RAPS in the Media

B.C.-based dog whisperer to rehab Great Dane rescued by 9/11 first responder

To understand a dog, James Tsai starts with the eyes.

“I can see the depth of their soul,” said Tsai, of the photos owners have sent him, asking for his advice on their canine companions.

After inspecting the eyes, Tsai moves on to the dog’s face and then examines the body, their muscles, how they carry themselves. Without meeting a dog in person and simply by searching for visual clues, Tsai says he’s about 80-per-cent accurate in determining a dog’s temperament, their personality, what ailments they struggle with and how best to nurture the dog.

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Dog burned in Richmond fire healing, but needs months of care

A dog who received severe burns to her face, belly and paws last month in Richmond is recovering well, but still needs months of care.

raps isabelle burnsIsabelle, a pit bull terrier mix, was stuck inside the trailer she’d been staying in when it went up in flames the week before Christmas. She eventually found her way out, but received second- and third-degree burns as a result.

Her case was “one of the most severe” a Richmond Animal Hospital veterinarian had ever seen, the vet told CTV News in December, adding that it was remarkable that the dog had survived at all.

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Isabelle – Definitely a fighter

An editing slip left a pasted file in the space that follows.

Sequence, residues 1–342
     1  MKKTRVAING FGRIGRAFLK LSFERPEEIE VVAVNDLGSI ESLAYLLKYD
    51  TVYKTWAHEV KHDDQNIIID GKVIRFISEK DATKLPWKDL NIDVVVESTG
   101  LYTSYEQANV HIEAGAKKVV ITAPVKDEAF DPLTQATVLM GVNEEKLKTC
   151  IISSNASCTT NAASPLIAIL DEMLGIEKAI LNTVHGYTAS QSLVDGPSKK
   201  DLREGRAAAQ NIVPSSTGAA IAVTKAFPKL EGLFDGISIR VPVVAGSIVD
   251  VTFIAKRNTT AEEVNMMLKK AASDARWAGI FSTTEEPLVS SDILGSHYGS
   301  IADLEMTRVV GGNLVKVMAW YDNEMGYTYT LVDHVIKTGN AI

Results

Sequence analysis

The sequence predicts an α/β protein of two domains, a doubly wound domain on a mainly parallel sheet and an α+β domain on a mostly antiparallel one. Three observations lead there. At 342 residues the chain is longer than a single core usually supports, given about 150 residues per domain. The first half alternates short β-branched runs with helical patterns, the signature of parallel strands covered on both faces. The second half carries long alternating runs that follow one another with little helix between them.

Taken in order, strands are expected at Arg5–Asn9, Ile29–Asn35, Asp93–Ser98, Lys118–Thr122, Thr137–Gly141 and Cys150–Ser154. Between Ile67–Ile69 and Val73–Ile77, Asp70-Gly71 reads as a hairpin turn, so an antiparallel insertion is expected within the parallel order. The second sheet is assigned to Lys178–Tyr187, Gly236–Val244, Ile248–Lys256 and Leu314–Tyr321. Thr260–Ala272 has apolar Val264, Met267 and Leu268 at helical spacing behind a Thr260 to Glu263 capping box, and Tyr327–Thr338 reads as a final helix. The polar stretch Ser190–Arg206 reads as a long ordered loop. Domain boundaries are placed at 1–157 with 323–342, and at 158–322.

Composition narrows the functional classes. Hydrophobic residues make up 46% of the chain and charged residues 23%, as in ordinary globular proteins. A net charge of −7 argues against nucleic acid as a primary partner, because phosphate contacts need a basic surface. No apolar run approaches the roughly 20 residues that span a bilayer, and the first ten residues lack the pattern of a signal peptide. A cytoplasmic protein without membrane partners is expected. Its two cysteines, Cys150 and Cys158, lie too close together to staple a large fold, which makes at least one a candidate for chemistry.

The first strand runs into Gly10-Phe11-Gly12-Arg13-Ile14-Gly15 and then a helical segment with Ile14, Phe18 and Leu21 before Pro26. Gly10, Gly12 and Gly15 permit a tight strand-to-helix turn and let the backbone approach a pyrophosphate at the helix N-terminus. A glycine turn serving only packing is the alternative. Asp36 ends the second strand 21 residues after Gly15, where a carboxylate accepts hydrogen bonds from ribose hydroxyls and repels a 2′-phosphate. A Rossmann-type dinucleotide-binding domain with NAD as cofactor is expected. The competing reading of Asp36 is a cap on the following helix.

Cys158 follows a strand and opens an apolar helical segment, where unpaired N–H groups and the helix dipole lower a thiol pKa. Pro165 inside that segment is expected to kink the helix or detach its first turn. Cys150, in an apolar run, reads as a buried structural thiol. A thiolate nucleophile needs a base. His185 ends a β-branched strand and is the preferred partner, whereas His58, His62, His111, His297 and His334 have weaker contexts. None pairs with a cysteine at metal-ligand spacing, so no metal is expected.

Protection society raising money for dog injured in fire

raps isabelle burnsIsabelle is “definitely a fighter,” her veterinarian says, but the pit bull terrier mix needs help after being badly burned in a fire.

The injured pup received second- and third-degree burns the week before Christmas when the trailer she’d been staying in went up in flames.

Two dogs were caught in the Dec. 20 fire. One escaped with minor injuries, but Isabelle was initially trapped. Eventually, she managed to escape the wreckage, but she was left with burns on her paws, belly, chest and face.

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Update: Burned pit-bull getting better

Isabelle is responding to treatment but is still in intensive care at specialist clinic

Isabelle-News-Thumbnail-2She’s going the right way but is still in serious condition in intensive care.

Isabelle the pit-bull is slowly, but surely fighting back to health after suffering second-degree burns in a devastating trailer fire before Christmas.

She was initially receiving urgent care at the Richmond Animal Hospital for severe injuries on her paws, belly, chest and face in the Dec. 20 blaze in rural East Richmond.

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Richmond animal shelter launches appeal to help burned dog

Pit-bull Isabelle faces long fight ahead after suffering second-degree burns sustained in trailer blaze

isabelle burnsRichmond’s animal shelter is asking for donations to help continue a dog’s fight for survival after it was badly burned in a trailer fire.

The Richmond Animal Protection Society (RAPS) has been looking after pit-bull terrier Isabelle, who suffered second degree burns to her paws, belly, chest and face during the blaze at her owner’s trailer in the 17,000 block of River Road — near No. 8 Road — just before midnight on Tuesday, Dec. 20.

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Rabbit rescuers to
the rescue in Richmond

With Easter approaching, Cindy Howard and her gang are speaking up for the gentle creatures who can't speak for themselves